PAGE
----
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Wellness Brings Sustainability to Business

Before we get too far down this road of philosophical discussion and comparisons between the various areas that sustainability comes into play, let’s define it.

Sustainability is:

1. The capacity to endure
2. The long-term maintenance of responsibility
3. The responsible management of resources and resource use
4. Managing impact

These definitions are clearly different, but they all touch on similar things. They talk about capacity, management, maintenance, resources and impact. These five words are what I think of when I think about sustainability. They are all important and you can’t succeed in any area without most if not all of these things. If even one is lacking, there will be severe consequences.

That is why sustainability is such a big topic in so many areas of our lives. If we don’t practice it, we see big problems. If do practice it, we see success in the short term, but more importantly, we are setting ourselves up for long-term success.

So, how do we practice sustainability in business? It’s simple. We focus specifically on each of the five areas and move forward from there. Let’s take a look:

Capacity: How much do we have? How many customers can we serve? How many products can we make?

Management: This goes without saying. Is there a business on the planet that doesn’t have a manager? Management also refers to other systems in the business. You have to manage in order to be successful.

Maintenance: There is a reason we have repair people, maintenance crews, facilities managers and others that are charged with maintaining parts of our business. If you don’t maintain something, it won’t last very long.

Resources: This is something that hits home with any business person. You need resources to get started. You provide resources to employees to serve clients. You provide resources to clients as the core of your business. Without resources, we are unable to function.

Impact: The impact that various factors have on your business are summed up by all of these things. When something happens, there is an impact. For every action, there is a reaction. It may be large, it may be small and it may be something that takes a while to realize. Regardless, there is an impact to everything we do in business.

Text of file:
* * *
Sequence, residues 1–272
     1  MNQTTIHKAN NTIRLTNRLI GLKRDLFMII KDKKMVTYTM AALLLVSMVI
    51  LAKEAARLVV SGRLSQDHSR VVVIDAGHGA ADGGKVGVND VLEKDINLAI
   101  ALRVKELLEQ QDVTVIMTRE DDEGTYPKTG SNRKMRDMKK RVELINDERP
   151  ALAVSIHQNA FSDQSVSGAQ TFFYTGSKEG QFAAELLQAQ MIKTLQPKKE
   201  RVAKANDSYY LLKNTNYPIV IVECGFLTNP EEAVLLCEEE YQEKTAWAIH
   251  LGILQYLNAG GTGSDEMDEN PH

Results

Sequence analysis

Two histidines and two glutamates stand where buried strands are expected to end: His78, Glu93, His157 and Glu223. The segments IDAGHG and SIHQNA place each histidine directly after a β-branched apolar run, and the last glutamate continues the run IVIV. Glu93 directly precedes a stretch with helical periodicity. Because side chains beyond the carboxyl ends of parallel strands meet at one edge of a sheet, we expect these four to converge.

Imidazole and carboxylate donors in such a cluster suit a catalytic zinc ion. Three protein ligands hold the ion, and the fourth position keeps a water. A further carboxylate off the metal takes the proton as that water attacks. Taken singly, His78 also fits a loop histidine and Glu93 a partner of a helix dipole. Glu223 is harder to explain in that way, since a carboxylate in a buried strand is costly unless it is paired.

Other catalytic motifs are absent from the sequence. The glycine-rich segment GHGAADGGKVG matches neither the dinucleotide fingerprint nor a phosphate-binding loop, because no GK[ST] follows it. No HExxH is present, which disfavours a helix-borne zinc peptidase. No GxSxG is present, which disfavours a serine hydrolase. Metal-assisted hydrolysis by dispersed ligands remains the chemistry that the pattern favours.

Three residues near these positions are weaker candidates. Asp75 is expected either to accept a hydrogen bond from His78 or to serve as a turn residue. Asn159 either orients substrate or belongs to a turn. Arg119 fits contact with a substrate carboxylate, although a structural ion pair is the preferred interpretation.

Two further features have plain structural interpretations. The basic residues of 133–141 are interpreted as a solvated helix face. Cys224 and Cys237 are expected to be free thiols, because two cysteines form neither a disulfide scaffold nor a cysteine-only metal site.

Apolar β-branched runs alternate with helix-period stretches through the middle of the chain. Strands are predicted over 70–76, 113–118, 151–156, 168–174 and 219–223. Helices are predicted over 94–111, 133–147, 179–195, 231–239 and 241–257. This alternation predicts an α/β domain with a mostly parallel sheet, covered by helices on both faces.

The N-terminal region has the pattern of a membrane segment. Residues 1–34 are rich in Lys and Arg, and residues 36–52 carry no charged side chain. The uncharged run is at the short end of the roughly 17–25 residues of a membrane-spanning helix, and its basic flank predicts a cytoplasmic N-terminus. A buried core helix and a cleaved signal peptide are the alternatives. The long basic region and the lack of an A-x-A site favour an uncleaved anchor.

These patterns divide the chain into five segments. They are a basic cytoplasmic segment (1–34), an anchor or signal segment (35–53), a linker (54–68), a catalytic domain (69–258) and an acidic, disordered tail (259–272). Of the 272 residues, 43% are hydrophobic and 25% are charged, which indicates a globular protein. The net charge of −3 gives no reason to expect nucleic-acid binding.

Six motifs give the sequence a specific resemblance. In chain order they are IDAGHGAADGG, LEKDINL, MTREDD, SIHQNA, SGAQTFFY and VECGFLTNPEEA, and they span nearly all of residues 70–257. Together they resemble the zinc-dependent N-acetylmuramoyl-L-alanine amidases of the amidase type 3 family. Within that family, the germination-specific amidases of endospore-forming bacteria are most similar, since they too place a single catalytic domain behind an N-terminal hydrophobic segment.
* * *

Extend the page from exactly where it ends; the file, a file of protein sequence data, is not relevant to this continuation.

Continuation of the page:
That is sustainability in a nutshell. You have to mind the five factors in order to be sustainable in any area. Business is no different, as you can see. The absence of even one of these things could quickly bring a successful business to a screeching halt or prevent a new business from getting started at all.

Wellness is a part of business. With employee health, there is an impact on the business no matter how you look at it. If an employee group is healthy, they are more productive, it costs less to insure them and there are better results overall.

That is well-documented and hopefully only becoming more widely realized. On the flip-side, if employees are not healthy, there is also an impact. They are less productive, it costs more to insure them and results are not as good.

This is the definition of impact. The health of employees is affecting business everywhere right now, whether they are trying to make an impact or not. These companies often want to be sustainable. They often pride themselves on sustainable business practices and processes that help them remain efficient, cost-effective and profitable. All of these things lead to sustainability.

There is one problem. What if a business is not putting a priority on healthy employees? If your company is simply paying more for healthcare each year and ignoring employee health, the model you are in now is not sustainable. Not only is this model missing all five of our pillars, which will disqualify it from most of our definitions, but it is missing the core of sustainability: the ability to endure and long-term survival.

Healthcare as we know it is only getting more expensive. Businesses are finding that it is more and more difficult to provide for employees. As the costs rise, both employees and employers are feeling the pain. The problem with the current model is that no one is working for sustainability. Employees are not managing their resources or impact. Employers are not maintaining their workforces and the whole system is being operated above capacity… hence the continued cost increases.

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